Archive for June, 2017

Image from youthlobby.org

You can listen to this episode above and subscribe to our podcast on iTunes. You can also listen to this episode on StitcherCyber Ears or download it on Archive.org (43mins, 34MB).

Nick is joined by environmental activist Mark Allen to discuss ethical Superannuation funds such as Cruelty Free Super. While these ethical Super funds are generally significantly better than “standard” Super funds and are worth switching to, we need to look critically into where they invest their money. For example, often there is just “one degree of separation”: while ethical Super funds don’t directly invest in fossil fuels (or animal exploitation as well in the case of Cruelty Free Super), they invest in companies who promote urban sprawl, which leads to harm to the environment and animals.

We also discuss the importance of divesting from unethical companies but the need to do more than just divest. Activists encouraging people to divest need to also push people to do more. On this topic, Sam Graham-Felsen’s article on encouraging supporters to ‘up the level of engagement’ is quite relevant – we discussed this on episode 118.

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Clips:

Ouch My FaceEaten by buildings’, Marianne FaithfullGreen Fields (Last Song)’.

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Because Australian tourists are the REAL victims here! There is a strong focus on Australian tourists being “duped” in the campaign against dog meat in Bali.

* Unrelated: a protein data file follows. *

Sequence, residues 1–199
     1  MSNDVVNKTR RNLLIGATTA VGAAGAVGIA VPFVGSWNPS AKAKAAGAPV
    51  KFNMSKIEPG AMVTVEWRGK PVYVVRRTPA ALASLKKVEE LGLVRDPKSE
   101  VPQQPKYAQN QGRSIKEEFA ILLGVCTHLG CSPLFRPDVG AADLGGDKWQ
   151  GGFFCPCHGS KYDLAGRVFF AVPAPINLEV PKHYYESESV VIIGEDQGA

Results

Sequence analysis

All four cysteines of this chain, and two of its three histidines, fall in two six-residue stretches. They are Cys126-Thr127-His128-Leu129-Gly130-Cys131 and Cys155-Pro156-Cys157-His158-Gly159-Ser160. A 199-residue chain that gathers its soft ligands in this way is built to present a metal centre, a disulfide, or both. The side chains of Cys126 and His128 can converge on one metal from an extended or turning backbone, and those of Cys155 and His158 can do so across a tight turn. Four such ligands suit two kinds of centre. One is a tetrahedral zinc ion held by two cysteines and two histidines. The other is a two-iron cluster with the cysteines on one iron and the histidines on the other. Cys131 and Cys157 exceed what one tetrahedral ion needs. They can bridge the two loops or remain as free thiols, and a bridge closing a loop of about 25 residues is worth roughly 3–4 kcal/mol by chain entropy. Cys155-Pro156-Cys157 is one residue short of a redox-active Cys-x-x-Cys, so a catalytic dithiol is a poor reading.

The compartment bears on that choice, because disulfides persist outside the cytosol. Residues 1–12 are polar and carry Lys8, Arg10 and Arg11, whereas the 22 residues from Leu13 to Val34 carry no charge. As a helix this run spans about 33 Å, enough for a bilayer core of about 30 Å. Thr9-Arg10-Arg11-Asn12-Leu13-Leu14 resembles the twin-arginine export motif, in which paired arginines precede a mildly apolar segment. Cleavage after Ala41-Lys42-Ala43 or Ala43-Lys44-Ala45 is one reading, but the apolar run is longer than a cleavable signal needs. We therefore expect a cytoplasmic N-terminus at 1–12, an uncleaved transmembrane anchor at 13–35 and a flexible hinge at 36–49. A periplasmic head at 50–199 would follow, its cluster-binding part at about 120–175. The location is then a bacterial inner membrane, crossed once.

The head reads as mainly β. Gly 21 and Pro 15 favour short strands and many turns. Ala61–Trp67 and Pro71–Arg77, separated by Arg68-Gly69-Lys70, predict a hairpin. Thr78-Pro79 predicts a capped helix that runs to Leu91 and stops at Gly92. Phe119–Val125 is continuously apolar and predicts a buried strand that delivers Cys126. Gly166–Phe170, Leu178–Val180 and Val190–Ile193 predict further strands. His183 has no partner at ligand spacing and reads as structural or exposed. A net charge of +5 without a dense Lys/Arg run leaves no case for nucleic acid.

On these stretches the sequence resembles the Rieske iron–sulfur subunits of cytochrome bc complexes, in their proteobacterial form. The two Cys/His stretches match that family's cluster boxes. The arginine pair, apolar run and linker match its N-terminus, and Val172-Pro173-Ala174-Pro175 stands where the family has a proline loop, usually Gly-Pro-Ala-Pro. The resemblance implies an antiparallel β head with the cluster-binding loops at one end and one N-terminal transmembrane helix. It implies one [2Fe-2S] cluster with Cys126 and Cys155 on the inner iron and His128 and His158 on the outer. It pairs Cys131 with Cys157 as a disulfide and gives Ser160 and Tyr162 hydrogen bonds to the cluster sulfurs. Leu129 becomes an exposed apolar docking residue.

You can listen to this episode above and subscribe to our podcast on iTunes. You can also listen to this episode on StitcherCyber Ears or download it on Archive.org (70mins, 59MB).

This episode covers the Bali dog meat scandal, where Australian tourists have been eating dogs thinking they were eating a different species of animal. To discuss this, Nick is joined by his cousin Emil Raji, who has lived in Bali for most of his life. We give a critical perspective on this scandal and the campaign against it, highlighting the nationalism and racism underlying the outrage behind eating dogs as particularly exceptional or worse than eating other animals.

We play Nick’s talk ‘Rescuing Dogs in a Mercedes-Benz: Animal Advocacy in China’. This talk gives a critical perspective on Western opposition to the dog meat trade. You can view the PowerPoint for this talk here and it is also embedded above. This talk is from the most recent TASA (The Australian Sociological Association) conference. You can listen to other talks from this conference here and you can hear our recap of this conference on episode 151.

We also play Colin Salter’s talk ‘Normativity, Intersectionality and States of Exception’, which argues that animal advocates shouldn’t focus on the relatively small number of animals killed in non-Western counties as exceptional but instead address the far more widespread animal slaughter in Western countries. This talk was recorded at the most recent Institute for Critical Animal Studies (ICAS) Oceania conference. You can hear a recap of this conference on episode 152 and there are links to audio of all of the talks from it in the show notes of that episode. Also a reminder about the upcoming ICAS Oceania conference (14-16 July) and the Development for Species – Animals in society, animals as society conference (18-19 September). They are both in Melbourne.